Rhys Darby, the New Zealand comic and actor best known for playing Murray Hewitt in Flight of the Conchords, released a new stand-up special late in 2017. It’s called Rhys Darby I’m a Fighter Jet and nobody appears to have reviewed it yet. In fact, I totally forgot it exists until I saw Darby’s delightful appearance as a non-player character in the Jumanji sequel last week, so now seems like a good time to check in on his latest one-man show.
I say “one-man show” because Darby’s work generally falls toward the more theatrical end of the stand-up spectrum. He’s an intensely physical performer—in one of my favorite bits of his, “Robot Man,” he describes his antics as a newfangled form of mime, this time with sound—who luxuriates in long, silly act-outs, often leaping across the stage to play multiple characters in a single scene. You won’t find much pointed social commentary in his work, though what you may find is an exhilarating escape from reality. In I’m a Fighter Jet he opens with a lengthy riff on his skinny jeans, positing a thief who gets a hand stuck trying to nab the wallet from Darby’s back pocket. Later he reminisces about his days in the New Zealand army in the early ‘90s: Instead of firing bullets during training exercises, soldiers literally shouted “bullets bullets bullets!” This spins into an absurd tall tale about the army inheriting used fighter jets from the United States, which they dredged out of the ocean and pretended to fly. The nonsense occasionally distills into moments of lucidity: It was a low-budget army, but now things have changed, that is, they’ve gotten worse; he joined because he wanted to rescue POWs, but he ended up rescuing sheep. The silliness is often silly enough that you yearn for him to spend a bit longer reflecting more earnestly on his experiences. Then he’ll heighten the bit even further and the wish is quickly forgotten.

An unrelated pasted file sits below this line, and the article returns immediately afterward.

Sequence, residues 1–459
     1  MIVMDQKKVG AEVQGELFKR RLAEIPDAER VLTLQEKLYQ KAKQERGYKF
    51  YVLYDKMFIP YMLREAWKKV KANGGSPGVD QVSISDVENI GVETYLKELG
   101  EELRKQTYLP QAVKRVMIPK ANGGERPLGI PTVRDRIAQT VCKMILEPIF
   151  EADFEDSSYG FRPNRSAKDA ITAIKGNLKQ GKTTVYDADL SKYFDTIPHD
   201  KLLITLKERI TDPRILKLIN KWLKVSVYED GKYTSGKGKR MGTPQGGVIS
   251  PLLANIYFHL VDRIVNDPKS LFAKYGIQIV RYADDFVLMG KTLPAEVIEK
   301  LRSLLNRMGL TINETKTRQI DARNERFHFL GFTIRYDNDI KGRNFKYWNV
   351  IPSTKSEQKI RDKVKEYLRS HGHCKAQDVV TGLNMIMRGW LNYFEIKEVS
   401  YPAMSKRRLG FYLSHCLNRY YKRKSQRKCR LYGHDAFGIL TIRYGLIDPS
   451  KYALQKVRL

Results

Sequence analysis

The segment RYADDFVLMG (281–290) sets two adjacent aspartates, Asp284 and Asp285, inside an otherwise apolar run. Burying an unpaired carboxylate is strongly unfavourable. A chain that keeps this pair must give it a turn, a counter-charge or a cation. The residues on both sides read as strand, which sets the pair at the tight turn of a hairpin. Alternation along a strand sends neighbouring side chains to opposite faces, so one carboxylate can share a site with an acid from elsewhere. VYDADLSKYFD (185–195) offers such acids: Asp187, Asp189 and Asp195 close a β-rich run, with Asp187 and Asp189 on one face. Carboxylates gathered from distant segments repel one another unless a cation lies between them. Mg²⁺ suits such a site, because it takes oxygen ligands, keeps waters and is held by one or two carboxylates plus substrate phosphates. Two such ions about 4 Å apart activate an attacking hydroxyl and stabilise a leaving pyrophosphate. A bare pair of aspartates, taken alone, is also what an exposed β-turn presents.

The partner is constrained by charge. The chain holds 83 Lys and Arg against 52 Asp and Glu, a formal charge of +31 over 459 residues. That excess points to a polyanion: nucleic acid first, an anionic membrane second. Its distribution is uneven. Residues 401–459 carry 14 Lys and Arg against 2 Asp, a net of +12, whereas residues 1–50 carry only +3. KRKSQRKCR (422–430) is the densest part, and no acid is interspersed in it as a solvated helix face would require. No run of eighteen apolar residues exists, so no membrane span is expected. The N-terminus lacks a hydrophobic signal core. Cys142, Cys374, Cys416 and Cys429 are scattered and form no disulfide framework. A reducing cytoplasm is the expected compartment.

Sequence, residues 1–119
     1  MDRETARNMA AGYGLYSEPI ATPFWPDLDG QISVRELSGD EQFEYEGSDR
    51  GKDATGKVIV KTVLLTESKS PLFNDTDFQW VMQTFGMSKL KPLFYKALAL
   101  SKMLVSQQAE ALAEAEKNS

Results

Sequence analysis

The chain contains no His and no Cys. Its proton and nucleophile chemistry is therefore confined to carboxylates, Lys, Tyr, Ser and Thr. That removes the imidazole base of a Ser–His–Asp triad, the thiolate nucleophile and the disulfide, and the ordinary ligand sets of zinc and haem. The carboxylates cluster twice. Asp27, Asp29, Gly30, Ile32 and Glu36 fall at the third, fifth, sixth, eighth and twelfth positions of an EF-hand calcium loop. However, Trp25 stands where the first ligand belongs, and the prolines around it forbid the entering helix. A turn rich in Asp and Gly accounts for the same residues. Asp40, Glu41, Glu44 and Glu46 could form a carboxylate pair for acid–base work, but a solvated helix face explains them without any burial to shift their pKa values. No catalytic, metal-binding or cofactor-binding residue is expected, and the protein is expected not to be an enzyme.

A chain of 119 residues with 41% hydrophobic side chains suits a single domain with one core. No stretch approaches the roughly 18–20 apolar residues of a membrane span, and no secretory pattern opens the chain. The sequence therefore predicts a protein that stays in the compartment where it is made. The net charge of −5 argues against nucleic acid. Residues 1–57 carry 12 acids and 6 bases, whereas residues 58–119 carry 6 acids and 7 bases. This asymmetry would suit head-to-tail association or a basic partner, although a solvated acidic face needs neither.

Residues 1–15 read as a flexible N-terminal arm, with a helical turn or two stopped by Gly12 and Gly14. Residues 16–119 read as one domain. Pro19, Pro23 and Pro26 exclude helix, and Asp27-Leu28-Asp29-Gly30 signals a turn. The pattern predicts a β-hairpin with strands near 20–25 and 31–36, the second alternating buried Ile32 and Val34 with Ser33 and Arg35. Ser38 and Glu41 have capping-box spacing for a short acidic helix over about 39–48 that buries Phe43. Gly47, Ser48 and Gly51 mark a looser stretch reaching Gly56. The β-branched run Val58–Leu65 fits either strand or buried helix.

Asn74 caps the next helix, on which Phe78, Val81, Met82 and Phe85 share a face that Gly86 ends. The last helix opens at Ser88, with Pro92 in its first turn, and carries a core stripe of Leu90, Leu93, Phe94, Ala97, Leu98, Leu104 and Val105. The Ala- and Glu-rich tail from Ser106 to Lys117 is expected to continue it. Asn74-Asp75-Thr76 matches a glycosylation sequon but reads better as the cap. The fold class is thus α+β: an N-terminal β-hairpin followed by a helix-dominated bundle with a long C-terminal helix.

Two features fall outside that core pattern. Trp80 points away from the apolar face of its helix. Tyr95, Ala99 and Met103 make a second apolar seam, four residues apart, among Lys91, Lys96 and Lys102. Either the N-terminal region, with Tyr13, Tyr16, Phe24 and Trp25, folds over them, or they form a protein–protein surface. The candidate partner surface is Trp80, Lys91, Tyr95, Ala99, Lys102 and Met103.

One thing I missed, watching I’m a Fighter Jet, was Darby’s deadpan, which he used to masterful effect in previous specials. (See: that robot bit again.) Here he tends toward broad, breathless exuberance, a tact that occasionally feels like overcompensation for thinner material, as in the titular fighter jet bit, or another about avoiding his wife. An exception is his take on choose-your-own-adventure books, where he reflects with a marvelous combination of guilt and mischievousness on how, whenever he’d turn to some page only halfway filled with text—the fatal choice, in other words—he’d then turn nonchalantly back and go the other route, with none the wiser. It’s a moment of delicious understatement, the sort of mundane observational stand-up that stumbles sideways into philosophy. One of the special’s set pieces, a sequence about when he accidentally did mushrooms on his honeymoon in Thailand, contains similar moments in a overall bumpier ride. The riff on two homeless caterpillars who need his protection falls rather flat; the one-sided conversation he has with a woman (well, the back of his head, it turns out) about how he’d like to go to Iceland, where he understands people to believe in fairies from another dimension, is a clear highlight. It’s like a spigot turns on that unleashes his most shameful subconscious thoughts, which turn out to be his deep curiosity about the Icelandic fairy folk. Like any comic, Darby is at his strongest when he’s at his most specific, and his most specific is so idiosyncratic that much of the tamer material feels dull beside it. Thankfully his sharpest is well worth waiting for.
Rhys Darby I’m a Fighter Jet is streaming on Amazon Prime.
Seth Simons is Paste’s assistant comedy editor. Follow him on Twitter.